In Britain, opposition party leader struggles to find voice


Britain's opposition Labor Party leader Ed Miliband gives a speech on the economy in London on Tuesday. (KI PRICE/REUTERS)

For the opposition Labor Party, this should be a shining moment. Under Conservative Prime Minister David Cameron, unemployment is up, budget cuts are biting British wallets and the government’s veto of a new European Union economic treaty has left the country increasingly isolated from its neighbors.

And yet rather than Cameron, it is Labor’s chief, Ed Miliband, who is confronting a profound crisis of popularity. Only 16 months after he defeated his brother to win the crown of opposition leader, Miliband’s approval ratings have sunk to record lows. Suddenly, not only his rivals on the other side of the aisle but also influential power brokers within his own party are openly questioning his leadership.

Miliband confronted his critics this week, outlining a new direction for the Labor Party in an effort to revitalize his tenure and hold on long enough to challenge Cameron in elections still three years away. He hit some points familiar to Labor’s platform — calling for fairer distribution of wealth and a kinder breed of capitalism. But seemingly parroting Cameron, he is also questioning whether deeply indebted Britain can still afford the old days of big government.

Saying his party would support spending restraint to tackle the deficit, Miliband vowed to “demonstrate once and for all that Labor is a party for all times, not only a party for good times."

Yet the problem, analysts say, is not Labor’s message, but the messenger. Miliband, fairly or not, is being pelted with criticism for everything from his failure to come off as a credible leader to harsh, highly personal attacks in the British news media suggesting he might be “too ugly” to hold Britain’s top job (a nose job to cure his deviated septum apparently did little to help).

Intellectual blood sport

More than anything, though, Miliband has seemed a round short in the intellectual blood sport of British politics, played out weekly on the floor of Parliament where Cameron and Miliband set their wits against each other in terse, often-biting oral combat.

“I think the simplest way of saying it is that most people don’t see him as a prime minister,” said Peter Kellner, president of YouGov, one of Britain’s largest polling firms. “It’s to do with his manner, his lack of experience, the fact that people don’t see a toughness of character in him. People on some level think being prime minister is a man’s job, and in Ed Miliband, they see a boy.”

The son of the noted Marxist academic and Holocaust survivor Ralph Miliband, Ed Miliband, 42, was elected to Parliament just seven years ago, rising fast to the rank of energy and climate-change chief under former Labor prime minister Gordon Brown. In the 2010 contest for the party leadership, Miliband defeated his more seasoned older brother, David Miliband — Brown’s former foreign minister — in large part by currying the support of labor unions.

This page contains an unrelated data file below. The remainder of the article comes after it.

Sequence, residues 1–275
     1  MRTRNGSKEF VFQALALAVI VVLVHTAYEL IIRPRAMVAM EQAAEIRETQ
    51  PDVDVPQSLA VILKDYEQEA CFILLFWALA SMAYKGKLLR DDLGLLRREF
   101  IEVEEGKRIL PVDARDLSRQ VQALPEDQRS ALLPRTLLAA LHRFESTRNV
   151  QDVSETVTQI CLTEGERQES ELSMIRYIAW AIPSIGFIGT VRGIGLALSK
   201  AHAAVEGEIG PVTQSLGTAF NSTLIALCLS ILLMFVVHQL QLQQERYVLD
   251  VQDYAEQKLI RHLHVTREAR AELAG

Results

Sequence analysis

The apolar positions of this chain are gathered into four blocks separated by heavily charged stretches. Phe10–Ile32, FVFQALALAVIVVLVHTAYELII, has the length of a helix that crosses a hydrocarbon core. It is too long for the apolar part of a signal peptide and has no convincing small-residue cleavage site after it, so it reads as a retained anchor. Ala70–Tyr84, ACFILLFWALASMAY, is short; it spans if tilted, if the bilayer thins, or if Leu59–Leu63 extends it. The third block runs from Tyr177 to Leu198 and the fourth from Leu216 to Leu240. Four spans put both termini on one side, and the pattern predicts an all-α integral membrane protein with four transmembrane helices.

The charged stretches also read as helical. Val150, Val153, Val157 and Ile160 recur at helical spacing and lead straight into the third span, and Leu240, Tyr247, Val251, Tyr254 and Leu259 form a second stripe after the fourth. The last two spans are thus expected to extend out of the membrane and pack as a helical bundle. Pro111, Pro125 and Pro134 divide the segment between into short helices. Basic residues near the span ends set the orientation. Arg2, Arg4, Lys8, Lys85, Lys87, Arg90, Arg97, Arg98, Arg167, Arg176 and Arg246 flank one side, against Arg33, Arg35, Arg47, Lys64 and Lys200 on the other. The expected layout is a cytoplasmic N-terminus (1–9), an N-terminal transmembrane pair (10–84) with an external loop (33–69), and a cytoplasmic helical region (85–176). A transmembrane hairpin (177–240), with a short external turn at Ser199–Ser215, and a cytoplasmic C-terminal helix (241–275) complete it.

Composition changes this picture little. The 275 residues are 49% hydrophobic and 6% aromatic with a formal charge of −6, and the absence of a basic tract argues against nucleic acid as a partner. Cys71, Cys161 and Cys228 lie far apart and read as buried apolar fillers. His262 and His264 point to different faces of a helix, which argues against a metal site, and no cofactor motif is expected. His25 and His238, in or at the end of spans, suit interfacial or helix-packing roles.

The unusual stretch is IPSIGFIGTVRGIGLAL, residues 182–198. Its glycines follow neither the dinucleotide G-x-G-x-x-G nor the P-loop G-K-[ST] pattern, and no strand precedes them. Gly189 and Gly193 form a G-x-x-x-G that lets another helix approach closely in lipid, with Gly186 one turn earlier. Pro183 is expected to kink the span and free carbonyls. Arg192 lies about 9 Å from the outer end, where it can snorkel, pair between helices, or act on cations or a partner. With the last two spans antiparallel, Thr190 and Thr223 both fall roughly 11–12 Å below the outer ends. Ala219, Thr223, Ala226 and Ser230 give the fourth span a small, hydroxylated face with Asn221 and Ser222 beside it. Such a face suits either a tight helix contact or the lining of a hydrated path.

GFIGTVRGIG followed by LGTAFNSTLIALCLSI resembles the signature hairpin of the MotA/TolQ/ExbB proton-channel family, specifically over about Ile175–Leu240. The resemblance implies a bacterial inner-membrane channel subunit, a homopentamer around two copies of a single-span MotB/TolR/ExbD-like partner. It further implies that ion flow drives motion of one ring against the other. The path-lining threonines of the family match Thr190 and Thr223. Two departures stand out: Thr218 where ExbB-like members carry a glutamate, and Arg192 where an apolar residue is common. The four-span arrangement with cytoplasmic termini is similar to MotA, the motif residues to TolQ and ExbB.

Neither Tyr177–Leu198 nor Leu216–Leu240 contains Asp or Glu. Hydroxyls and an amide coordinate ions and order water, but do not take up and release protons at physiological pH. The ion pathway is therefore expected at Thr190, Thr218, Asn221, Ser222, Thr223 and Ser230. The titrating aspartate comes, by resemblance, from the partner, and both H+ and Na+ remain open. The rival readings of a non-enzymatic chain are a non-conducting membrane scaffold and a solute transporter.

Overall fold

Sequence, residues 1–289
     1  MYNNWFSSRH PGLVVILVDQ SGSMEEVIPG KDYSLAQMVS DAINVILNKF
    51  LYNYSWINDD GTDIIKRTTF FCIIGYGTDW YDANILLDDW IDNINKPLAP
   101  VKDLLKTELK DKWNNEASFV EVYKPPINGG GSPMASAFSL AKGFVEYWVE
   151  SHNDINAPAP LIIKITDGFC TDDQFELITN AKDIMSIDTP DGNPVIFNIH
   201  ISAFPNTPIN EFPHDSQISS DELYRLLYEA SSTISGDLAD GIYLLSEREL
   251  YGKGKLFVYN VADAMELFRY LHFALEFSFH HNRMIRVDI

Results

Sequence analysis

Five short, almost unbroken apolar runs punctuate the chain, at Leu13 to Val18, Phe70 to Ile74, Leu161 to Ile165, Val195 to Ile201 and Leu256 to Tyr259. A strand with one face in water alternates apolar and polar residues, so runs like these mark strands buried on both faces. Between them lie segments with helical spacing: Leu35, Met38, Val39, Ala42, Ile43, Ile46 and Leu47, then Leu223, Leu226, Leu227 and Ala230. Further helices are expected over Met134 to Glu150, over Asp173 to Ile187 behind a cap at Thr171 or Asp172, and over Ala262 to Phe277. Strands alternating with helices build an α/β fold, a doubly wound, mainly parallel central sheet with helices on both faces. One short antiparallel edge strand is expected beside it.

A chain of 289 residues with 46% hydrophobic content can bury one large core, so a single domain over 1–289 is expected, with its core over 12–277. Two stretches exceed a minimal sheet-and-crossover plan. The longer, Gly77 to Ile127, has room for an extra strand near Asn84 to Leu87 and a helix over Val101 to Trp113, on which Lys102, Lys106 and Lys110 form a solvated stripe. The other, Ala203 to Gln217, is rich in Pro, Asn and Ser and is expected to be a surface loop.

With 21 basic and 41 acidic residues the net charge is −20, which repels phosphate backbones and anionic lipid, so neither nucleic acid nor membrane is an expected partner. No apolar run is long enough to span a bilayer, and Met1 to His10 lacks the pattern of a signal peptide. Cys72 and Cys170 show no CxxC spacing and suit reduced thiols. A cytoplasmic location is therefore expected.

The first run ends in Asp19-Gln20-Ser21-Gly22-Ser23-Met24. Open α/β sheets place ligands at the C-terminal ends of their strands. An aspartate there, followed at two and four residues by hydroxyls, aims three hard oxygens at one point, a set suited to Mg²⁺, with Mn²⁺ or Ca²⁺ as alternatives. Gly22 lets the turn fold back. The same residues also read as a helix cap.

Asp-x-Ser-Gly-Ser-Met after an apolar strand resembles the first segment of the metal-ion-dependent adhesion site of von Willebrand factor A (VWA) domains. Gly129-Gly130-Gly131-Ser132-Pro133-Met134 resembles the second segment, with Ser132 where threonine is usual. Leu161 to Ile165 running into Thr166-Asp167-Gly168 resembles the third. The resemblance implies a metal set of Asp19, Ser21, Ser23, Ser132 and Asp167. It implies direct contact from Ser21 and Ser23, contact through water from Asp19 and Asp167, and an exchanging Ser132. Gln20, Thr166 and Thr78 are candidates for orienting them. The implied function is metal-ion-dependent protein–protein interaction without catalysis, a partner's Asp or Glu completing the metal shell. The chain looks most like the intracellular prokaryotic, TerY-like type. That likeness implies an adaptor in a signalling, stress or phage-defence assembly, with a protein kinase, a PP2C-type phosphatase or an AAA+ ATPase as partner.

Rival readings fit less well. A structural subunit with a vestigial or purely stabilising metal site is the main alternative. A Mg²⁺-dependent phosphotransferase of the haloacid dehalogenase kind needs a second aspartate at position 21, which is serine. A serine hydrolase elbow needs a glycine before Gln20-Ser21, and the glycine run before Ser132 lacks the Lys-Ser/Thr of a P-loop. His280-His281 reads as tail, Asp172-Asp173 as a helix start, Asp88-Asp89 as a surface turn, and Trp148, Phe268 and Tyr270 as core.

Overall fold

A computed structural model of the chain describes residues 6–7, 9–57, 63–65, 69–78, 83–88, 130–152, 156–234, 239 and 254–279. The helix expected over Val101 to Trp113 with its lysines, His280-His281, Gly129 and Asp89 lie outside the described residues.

Now many in the Labor Party appear to be wondering whether they picked the right Miliband. On Ed Miliband’s side is that Labor, unlike its Conservative rivals, has a history of holding on even to unpopular leaders. But internal party criticism about his inability to connect with voters is already coming to the forefront.

Writing this month about Labor’s plight under Miliband, party insider Maurice Glasman said: “There seems to be no strategy, no narrative and little energy.” This week in the Daily Mirror, senior Labor lawmaker Alan Johnson wrote: “At the moment, Labor is like a pearl stuck firmly inside an oyster. Inside there is a gem but the public can only see the shell.”

Cameron’s success

Miliband’s situation looks worse when compared with Cameron’s success. In many ways, the prime minister has defied the odds, maintaining a relatively buoyant approval rating despite his relentless and, according to the polls, largely unpopular crusade against government spending. Cameron even got a bump after he vetoed a new treaty in Brussels to shore up the euro, with the notoriously euro-skeptic British public resoundingly backing his decision.

In a recent ICM poll for the Guardian newspaper, Cameron enjoyed a 48 percent personal approval rating, compared with 21 percent support for his Conservative Party. By comparison, Miliband had a personal approval rating of 32 percent, while the Labor Party overall is polling at 23 percent. For the first time in 16 months, Miliband is also being rated lower by the public than Nick Clegg, the deputy prime minister and head of the Liberal Democrats, the junior partners in the ruling coalition, who has bled support and been pilloried by the public since taking office.

In Miliband’s favor, though, is the lack of an obvious successor if he was to step aside. Among the names being bandied about are Labor lawmakers and former cabinet ministers Yvette Cooper and Alistair Darling. For now, however, the Labor faithful appear to be betting that Miliband will somehow up his game.

“Cameron himself is one of Miliband’s biggest problems,” said Tony Travers, political analyst with the London School of Economics. “The prime minister is a dominant figure, with an extraordinarily capacity to speak confidently on all points. A Labor leader needs to be able to puncture through that, and for the time being, Ed Miliband has been unable to do it.”

Anthony Faiola is The Post's Berlin bureau chief. Faiola joined the Post in 1994, since then reporting for the paper from six continents and serving as bureau chief in Tokyo, Buenos Aires, New York and London.
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